# Query in Chemical Kinetics

I have been recently studying chemical kinetics. I've understood what the rate law and the rate constant mean, and also that, kinetics depends completely on experimental observations, due to which we have zero order reactions as well as fractional order reactions.

Take for example, this: $$\text{Rate of a certain chemical reaction} = k [A]^p [B]^q [C]^r$$

Here, $[A]$, $[B]$ and $[C]$ are the molar concentrations of the three reactants involved, while $p$, $q$ and $r$ are the number of molecules of each respectively taking part in the reaction.

So, $\text{the order of the reaction} =p+q+r$.

Now, this $p$, $q$ and $r$ are completely determined experimentally, and cannot be determined theoretically.

How are these values determined experimentally? How does one find out how many molecules of each reactant are taking part in the reaction? Is there any special instrument to do this? If not, then how do scientists find the order of a reaction?

As an attempt to shorten out the answering area, consider this reaction: $$\ce {NO2 +CO -> NO +CO2}$$ Now, experimentally it has been determined that $\text {the rate of this reaction} = k[\ce{NO2}]^2$. I want to know how have scientists determined that the rate depends on the square of the concentration of $\ce {NO2}$ and not on the other reactant.

N.B.: My question is how it can be experimentally determined, and not why it has to be experimentally determined.

• One important thing to note is that p, q, and r are only the number of molecules of each involved if this the rate law for an elementary reaction (something which takes place in one step). Otherwise, they are as you said just empirical parameters that can take on negative and fractional values and don't directly relate to how many molecules are involved in the reaction. Sep 2 '17 at 15:40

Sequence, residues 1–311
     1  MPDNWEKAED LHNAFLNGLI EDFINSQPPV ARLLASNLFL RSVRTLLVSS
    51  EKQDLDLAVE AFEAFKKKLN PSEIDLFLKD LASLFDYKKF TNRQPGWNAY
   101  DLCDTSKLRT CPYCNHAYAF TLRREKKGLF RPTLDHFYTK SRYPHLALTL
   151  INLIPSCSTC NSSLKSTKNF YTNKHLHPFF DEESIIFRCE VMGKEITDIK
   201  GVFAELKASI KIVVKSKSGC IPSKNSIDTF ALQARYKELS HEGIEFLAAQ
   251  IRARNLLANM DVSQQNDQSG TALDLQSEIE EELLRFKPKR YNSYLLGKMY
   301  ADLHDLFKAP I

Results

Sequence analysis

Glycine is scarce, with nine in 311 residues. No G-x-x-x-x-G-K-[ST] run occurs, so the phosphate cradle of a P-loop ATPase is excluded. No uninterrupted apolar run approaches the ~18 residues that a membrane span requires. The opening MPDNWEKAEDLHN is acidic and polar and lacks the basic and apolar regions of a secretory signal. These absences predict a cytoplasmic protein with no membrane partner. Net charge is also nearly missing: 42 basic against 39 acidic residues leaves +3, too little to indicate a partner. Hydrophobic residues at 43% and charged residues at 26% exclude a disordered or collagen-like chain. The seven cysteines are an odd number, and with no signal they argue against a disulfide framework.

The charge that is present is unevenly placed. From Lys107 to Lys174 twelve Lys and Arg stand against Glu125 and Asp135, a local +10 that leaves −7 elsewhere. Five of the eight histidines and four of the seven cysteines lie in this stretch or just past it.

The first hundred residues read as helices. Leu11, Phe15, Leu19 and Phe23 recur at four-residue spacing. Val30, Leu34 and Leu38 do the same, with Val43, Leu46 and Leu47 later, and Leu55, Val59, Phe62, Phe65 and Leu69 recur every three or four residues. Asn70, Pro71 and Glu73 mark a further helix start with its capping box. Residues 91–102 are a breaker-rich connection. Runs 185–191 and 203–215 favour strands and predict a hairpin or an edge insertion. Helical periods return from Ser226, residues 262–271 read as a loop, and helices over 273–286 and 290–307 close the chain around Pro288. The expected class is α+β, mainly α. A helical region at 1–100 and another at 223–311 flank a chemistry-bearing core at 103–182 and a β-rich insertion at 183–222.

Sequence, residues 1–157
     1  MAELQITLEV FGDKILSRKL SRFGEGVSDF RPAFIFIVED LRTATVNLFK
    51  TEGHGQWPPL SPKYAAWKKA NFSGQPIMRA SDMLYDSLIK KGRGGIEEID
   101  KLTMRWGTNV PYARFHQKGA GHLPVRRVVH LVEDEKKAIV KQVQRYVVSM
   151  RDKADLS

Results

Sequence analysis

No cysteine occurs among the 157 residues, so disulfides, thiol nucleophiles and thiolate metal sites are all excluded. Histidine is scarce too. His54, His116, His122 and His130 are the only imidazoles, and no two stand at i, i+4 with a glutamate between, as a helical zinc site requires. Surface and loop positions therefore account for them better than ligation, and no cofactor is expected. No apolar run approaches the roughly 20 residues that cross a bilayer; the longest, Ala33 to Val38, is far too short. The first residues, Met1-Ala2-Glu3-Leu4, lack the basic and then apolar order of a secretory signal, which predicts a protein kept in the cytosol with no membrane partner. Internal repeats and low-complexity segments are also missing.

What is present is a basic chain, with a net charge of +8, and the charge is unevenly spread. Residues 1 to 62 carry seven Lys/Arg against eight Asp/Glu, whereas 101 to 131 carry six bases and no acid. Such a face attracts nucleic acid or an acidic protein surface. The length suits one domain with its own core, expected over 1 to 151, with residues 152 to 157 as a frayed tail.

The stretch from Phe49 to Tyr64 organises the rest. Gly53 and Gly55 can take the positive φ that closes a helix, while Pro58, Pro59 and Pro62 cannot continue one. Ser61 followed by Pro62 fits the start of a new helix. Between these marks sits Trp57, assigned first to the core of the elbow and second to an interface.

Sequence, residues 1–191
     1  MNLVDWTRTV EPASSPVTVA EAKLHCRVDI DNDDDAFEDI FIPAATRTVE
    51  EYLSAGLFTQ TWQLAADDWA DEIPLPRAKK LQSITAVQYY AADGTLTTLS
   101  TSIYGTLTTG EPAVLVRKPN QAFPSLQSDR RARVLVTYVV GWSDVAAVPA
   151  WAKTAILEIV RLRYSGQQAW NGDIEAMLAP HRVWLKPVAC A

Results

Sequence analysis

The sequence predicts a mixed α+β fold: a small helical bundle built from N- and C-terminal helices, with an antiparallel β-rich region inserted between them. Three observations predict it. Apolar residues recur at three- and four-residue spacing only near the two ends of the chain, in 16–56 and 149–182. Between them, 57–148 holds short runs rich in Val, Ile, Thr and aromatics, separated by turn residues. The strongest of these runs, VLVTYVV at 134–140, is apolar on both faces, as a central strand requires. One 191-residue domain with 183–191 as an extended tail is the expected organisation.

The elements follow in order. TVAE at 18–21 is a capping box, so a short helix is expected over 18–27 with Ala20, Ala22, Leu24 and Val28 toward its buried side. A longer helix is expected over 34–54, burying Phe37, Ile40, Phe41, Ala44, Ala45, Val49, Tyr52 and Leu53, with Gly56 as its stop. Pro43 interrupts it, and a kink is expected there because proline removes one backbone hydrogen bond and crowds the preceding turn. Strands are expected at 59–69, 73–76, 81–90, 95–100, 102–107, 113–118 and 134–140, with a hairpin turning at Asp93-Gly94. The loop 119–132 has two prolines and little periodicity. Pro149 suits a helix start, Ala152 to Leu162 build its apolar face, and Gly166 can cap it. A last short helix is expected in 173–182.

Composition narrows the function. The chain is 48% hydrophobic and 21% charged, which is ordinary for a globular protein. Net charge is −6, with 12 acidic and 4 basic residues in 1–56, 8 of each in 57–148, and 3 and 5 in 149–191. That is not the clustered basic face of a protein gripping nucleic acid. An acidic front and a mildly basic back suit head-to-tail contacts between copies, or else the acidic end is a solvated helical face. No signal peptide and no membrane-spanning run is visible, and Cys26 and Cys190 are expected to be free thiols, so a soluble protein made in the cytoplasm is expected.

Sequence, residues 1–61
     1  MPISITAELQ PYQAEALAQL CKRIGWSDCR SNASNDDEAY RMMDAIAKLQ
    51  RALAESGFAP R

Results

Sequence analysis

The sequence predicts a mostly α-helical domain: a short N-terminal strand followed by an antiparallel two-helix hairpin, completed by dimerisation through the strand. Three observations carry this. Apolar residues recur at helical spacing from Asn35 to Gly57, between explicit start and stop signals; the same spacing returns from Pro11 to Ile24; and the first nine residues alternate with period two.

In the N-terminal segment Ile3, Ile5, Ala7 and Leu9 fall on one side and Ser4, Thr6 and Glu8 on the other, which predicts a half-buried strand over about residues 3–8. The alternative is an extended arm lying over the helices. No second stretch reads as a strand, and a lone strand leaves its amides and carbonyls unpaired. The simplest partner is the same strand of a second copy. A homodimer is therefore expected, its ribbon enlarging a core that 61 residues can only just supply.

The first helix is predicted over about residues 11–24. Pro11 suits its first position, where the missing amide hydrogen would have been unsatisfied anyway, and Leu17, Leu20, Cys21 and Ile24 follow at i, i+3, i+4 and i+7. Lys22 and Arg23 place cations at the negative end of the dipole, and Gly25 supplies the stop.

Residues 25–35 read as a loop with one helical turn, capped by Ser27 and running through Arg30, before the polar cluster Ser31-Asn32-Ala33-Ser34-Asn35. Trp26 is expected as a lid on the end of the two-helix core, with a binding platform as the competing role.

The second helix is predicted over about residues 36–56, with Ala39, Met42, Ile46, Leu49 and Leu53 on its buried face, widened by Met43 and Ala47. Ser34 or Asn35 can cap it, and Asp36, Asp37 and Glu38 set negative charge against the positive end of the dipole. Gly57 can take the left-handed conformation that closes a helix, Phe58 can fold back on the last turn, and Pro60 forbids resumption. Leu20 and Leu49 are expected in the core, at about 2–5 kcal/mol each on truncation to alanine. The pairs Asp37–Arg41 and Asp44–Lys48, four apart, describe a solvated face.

• @Tyberius OK, I get that. I just called them number of molecules to express myself. You can edit to express them better. Sep 2 '17 at 15:42
• Chemguide has a decent intro: chemguide.co.uk/physical/basicrates/experimental.html Sep 2 '17 at 19:29
• If you are looking more in terms of the experimental setup, I would look at orthocresol's link. If you are more interested in the generic methodology, the Wikipedia article on order of reaction gives a good description. Sep 2 '17 at 20:20
• The comment to this question answers some of your question chemistry.stackexchange.com/questions/117236/… Jul 1 '19 at 18:33

Order of a reaction can be found by the following methods:

1. Plotting a graph of concentration of reactant versus time

For example, let us take decomposition of $$\ce{N2O}$$ to $$\ce{N2}$$ and $$\ce{O2}$$ on $$\ce{Pt}$$ surface. $$\ce{2N2O ->[Pt] 2N2 + O2}$$

The graph will look similar to the following: The slope of the graph is constant. That is, it does not vary with time.

This is possible when the reaction is zeroth order. Hence, we can conclude that the reaction is zero-order.

For a $$\mathrm{1^{st}}$$ order reaction, the slope of the graph drawn between $$\ln[\mathrm{Reactant}]$$ with time is constant, for a $$\mathrm{2^{nd}}$$ order reaction, the slope of the graph drawn between $$\mathrm{\frac{1}{[Reactant]}}$$ with time is constant.

In general, for an $$n^{\text{th}}$$ order reaction, the slope of the graph drawn between $$\mathrm{\frac{1}{[Reactant]^{n-1}}}$$ with time is constant (where $$n \neq 1$$).